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Many people, when building a home, start by finding an architect and then interview builders and interior designers to assemble their A-team. This is not the case with a young couple nicknamed Bob and Alice. Bob, a sailor and tech executive, and Alice, titan-haired with a folder overflowing with ideas, were embarking on a new life together. They needed a home big enough to house their combined families–four daughters and a new baby.
They fell in love with a home on Monterey Avenue in Annapolis with exquisite crown moldings and hand-milled trim. Unfortunately, it was no longer for sale. However, the builder–Lynbrook of Annapolis–was available. If anyone could bring to life the home that lived in their imaginations, Lynbrook could, say Alice and Bob. “We had never seen a home like that. Most people find an architect first and have a home designed to their liking; we did it backward and found the builder first.”
After many discussions, they hired Lynbrook in 2018, even before purchasing the property. Co-founder and senior vice president Bryan Beauchemin took the lead and paired them with Vincent Greene Architecture and Catherine M. Lowe, Interior Planning & Design.
Lynbrook chose well. “Lynbrook paired us up with professionals that fit our personalities… I am hardly low-key,” says Alice. She needed someone she could trust. After all, in this home—their first and hopefully their last—things had to be very special. The point was to avoid the “brand new” feeling often somewhat inescapable in first homes. “I wanted to fill the house with older pieces and interesting pieces and not brand new everything,” she says. “We wanted the feel of a much older family home.”
Greene designed a home that speaks to the New England shingle-style. Completed in 2022, the abode is situated at a 45-degree angle to the water to respect the footprint of the pre-existing structure. With stately eaves, gables, and a lush landscape by McHale Landscape Design, it exudes an unusual mystique that carries through to the interior.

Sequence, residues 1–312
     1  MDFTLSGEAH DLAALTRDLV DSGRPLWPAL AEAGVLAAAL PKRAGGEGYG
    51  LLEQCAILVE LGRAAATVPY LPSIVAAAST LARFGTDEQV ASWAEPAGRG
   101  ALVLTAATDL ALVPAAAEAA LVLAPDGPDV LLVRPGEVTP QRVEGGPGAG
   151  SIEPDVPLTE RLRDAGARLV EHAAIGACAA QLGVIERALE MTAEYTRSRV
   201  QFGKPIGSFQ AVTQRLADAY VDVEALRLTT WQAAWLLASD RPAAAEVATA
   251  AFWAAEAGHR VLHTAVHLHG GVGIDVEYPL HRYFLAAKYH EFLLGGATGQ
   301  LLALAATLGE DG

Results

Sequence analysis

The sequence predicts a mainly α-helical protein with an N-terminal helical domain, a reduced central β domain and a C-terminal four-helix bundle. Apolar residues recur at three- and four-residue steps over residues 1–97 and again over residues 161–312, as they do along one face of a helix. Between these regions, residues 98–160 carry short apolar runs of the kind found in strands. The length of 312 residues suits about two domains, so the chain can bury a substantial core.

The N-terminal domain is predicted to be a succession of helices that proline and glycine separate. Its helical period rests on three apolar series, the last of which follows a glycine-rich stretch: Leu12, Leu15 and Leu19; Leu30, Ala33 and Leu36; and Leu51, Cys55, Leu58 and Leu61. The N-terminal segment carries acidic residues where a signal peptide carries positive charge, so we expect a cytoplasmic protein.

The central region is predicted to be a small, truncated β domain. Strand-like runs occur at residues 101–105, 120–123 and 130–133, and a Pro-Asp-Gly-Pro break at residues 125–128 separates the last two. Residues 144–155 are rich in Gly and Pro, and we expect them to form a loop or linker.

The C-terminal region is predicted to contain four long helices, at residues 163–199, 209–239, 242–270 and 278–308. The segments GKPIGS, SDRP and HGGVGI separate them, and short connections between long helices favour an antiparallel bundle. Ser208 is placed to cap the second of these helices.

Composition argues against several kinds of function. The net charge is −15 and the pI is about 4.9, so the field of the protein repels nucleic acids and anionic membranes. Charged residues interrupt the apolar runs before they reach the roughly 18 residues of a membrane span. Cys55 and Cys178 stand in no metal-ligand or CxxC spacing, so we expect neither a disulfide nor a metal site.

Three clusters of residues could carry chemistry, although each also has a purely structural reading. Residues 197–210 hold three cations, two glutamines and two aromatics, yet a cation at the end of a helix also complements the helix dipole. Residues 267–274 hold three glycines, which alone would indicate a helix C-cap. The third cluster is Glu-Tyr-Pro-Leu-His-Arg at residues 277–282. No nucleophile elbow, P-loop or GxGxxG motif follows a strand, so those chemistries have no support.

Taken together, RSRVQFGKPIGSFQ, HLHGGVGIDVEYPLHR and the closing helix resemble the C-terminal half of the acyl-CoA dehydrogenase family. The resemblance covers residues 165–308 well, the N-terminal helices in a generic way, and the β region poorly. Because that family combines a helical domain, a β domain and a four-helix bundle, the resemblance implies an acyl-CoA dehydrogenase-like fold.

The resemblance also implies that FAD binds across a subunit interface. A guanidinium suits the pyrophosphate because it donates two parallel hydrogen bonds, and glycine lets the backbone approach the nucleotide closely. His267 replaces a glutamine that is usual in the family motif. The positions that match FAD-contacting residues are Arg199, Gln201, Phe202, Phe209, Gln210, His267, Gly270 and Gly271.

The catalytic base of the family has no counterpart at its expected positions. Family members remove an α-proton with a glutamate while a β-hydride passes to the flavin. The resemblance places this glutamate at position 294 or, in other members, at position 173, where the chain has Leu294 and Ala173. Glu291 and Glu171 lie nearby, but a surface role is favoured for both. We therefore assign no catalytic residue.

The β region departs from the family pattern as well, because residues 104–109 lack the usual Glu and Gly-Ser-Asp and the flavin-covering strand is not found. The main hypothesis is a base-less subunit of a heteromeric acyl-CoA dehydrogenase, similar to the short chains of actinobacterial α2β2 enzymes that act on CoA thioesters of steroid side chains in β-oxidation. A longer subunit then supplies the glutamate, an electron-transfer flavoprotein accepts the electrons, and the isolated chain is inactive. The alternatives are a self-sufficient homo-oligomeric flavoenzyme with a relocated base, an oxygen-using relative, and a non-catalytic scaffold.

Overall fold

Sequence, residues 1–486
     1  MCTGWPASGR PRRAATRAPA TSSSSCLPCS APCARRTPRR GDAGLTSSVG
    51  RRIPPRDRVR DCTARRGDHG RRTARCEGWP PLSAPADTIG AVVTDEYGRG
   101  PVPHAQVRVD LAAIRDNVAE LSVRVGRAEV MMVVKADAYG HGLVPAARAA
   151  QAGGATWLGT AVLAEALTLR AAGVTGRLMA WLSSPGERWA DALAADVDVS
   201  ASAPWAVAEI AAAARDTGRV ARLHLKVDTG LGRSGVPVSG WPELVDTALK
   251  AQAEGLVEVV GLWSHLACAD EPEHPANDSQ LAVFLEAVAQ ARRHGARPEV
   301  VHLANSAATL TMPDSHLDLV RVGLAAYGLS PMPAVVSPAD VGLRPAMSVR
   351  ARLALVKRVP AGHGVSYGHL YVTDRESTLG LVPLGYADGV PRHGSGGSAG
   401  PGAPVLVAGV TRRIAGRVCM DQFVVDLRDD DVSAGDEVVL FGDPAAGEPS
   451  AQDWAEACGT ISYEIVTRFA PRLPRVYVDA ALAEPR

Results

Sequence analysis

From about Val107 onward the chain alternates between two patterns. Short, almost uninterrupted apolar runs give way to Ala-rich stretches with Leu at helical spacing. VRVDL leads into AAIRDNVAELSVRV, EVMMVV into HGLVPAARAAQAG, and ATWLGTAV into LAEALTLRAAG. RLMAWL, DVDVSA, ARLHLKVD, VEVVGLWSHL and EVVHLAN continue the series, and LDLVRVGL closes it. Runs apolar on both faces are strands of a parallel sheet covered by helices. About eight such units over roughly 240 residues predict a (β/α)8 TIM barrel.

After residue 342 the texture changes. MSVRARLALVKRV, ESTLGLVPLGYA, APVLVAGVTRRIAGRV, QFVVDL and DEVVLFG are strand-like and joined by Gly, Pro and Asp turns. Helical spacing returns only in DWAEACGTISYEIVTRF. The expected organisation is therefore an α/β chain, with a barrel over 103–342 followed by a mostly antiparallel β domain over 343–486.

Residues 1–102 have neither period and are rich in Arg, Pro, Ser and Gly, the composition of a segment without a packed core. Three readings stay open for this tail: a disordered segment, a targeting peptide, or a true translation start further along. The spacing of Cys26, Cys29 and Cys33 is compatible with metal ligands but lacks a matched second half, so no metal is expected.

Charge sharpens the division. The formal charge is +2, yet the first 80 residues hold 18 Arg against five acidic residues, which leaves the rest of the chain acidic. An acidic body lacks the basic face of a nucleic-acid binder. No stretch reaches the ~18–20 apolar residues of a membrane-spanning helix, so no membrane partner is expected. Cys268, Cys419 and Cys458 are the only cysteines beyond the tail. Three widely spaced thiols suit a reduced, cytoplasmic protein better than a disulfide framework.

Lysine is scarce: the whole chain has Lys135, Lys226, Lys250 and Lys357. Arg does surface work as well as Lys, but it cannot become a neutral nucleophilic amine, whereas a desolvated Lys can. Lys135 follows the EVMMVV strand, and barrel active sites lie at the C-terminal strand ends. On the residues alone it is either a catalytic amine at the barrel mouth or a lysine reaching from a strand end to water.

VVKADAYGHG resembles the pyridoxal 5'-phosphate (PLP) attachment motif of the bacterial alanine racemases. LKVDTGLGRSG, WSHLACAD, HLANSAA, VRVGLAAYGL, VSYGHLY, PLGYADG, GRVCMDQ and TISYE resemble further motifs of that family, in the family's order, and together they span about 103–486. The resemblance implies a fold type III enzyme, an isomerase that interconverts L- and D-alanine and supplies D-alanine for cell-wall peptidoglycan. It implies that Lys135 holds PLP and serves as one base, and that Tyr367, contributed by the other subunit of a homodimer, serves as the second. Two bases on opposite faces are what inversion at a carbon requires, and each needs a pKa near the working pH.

Alice and Bob planned all along to bypass sprawling designer showrooms and create a home filled with conversation pieces and unusual furnishings. “Found objects help you get into that mood of exploration…. We wanted it to seem as if we traveled the world and brought all these treasures back,” says Alice, who envisioned an interior inspired by the 18th-century British-Colonial era, when travelers began to explore the world and bring back fascinating objects.
Lowe encouraged Alice and Bob’s imaginations to soar. They visited antique stores in Frederick. Alice scoured boutique consignment sites such as Chairish and 1stDibs. Everything you see in this home has either been mindfully chosen or happened upon and seized with delight. These are the things that make an interior come alive. “Everyone’s home is their own theatre… it’s their set design,” explains Lowe. “I work to bring that to life.”
To walk through this home is to stroll through the living theatre of Bob and Alice’s lives. For instance, one steps down to the Wednesday Room, a sundrenched space overlooking South River, with window walls that retract to create an open-air porch. The space pays tribute to the couple’s dating phase. Soon after they met, they raced Bob’s sailboat on Wednesday nights, a long-standing Annapolis tradition. Afterward, as is the custom, they hung out with friends and crew to unwind.
The living room that adjoins the Wednesday Room is a bit more formal. This serene deep space has high ceilings and gleaming mahogany floors. Crown molding and thick dark beams grace the living room ceiling, where Lynbrook embedded heat and air conditioning vents. The fireplace in the living room, composed of Savannah brick, reflects Alice’s Southern roots. Their decision to go with dark floors met with some resistance. “Our realtor said dark floors are really out right now. I said, ‘Well, we’ll have to wait until they come back in,’” recalls Alice.
They had the same issue when choosing travertine flooring, resisting the proverbial wisdom that travertine tiles would absorb heat. “We stayed with our choice. Travertine is cool to the touch; we brought that idea back from the Caribbean, where it is all over the place,” says Bob.
An air of mystery drifts through these spaces, about the barrel chairs and the 18th-century piano whose ivory keys emit an other-worldly patina. Many stories will remain untold, such as those captured in the antique tobacco chest Bob inherited from his grandfather, with drawers still redolent with aging tobacco leaves. The chest is situated in his office, a dark-paneled masculine space overlooking the water so Bob can check the wind on race days. Lowe drew the built-ins and custom cabinetry, which were built by master woodworker Donald Bayne of Bayne’s Quality Custom Furniture.